With five exceptions, the Class 34-000 were all delivered in the SAR Gulf Red livery with signal red buffer beams, yellow side stripes on the long hood sides and a yellow V on each end. The five exceptions, numbers 34-055 to 34-059, were delivered in blue with a yellow V on the ends and yellow buffer beams for use on the Blue Train between Kimberley and Beaufort West. They were all eventually repainted in Spoornet’s orange livery after they were replaced in Blue Train service by seven Class 34-900 locomotives, numbers 34-924 to 34-930.
In the 1990s many of the Class 34-000 units began to be repainted in the Spoornet orange livery with a yellow and blue chevron pattern on the buffer beams. Several later received the Spoornet maroon livery. In the late 1990s many were repainted in the Spoornet blue livery with outline numbers on the long hood sides. After 2008 in the Transnet Freight Rail (TFR) and Passenger Rail Agency of South Africa (PRASA) era, many were repainted in the TFR red, green and yellow livery and at least four were repainted in the PRASA purple livery.
No. 34-058 and 34-059 in SAR Blue Train livery, still without saddle filters, at Modder River, Cape Province on 1 September 1975
No. 34-108 in Passenger Rail Agency of South Africa's Shosholoza Meyl livery at Beaufort West, 10 October 2015
- South African Railways Index and Diagrams Electric and Diesel Locomotives, 610mm and 1065mm Gauges, Ref LXD 14/1/100/20, 28 January 1975, as amended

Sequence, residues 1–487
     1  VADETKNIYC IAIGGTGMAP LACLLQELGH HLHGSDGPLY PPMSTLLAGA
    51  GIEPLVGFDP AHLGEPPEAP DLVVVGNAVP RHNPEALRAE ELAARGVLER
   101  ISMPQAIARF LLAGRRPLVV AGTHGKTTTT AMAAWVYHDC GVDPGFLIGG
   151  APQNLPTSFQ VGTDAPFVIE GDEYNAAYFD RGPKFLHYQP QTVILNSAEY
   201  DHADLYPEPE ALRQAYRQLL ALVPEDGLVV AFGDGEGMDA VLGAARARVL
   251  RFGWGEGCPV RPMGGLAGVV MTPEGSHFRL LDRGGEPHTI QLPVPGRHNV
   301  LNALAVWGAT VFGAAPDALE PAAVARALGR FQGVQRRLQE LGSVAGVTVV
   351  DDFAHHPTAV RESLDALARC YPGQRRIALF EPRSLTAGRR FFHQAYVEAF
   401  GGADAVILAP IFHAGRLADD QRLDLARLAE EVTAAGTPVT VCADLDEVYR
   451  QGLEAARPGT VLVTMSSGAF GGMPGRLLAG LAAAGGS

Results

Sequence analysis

- Middleton, John N. (2002). Railways of Southern Africa Locomotive Guide - 2002 (as amended by Combined Amendment List 4, January 2009) (2nd, Dec 2002 ed.). Herts, England: Beyer-Garratt Publications. pp. 38, 40–41, 46.
- Paxton, Leith; Bourne, David (1985). Locomotives of the South African Railways (1st ed.). Cape Town: Struik. pp. 140–141. ISBN 0869772112.
- 34-057 with saddle filter, 14 October 2009
- 34-058 & 34-059 without saddle filter, 1 September 1975
- 34-060 with saddle filter, 25 August 2007
- Information received from John Nicholas Middleton
- Shosholoza Meyl’s 34-102 with running board handrails
- Actom Divisions News, 22 July 2010
- Information supplied by Orex train crew members
- Soul of A Railway, System 7, Western Transvaal, based in Johannesburg, Part 9. South-Eastwards as far as Volksrust (2nd part) by Les Pivnic. Caption 4. (Accessed on 11 April 2017)
|34-072 and 34-036, 14 October 2009 A pair of Class 34-000 locomotives leave the Bloemfontein yard with a mixed goods train, heading south. (3 minutes)|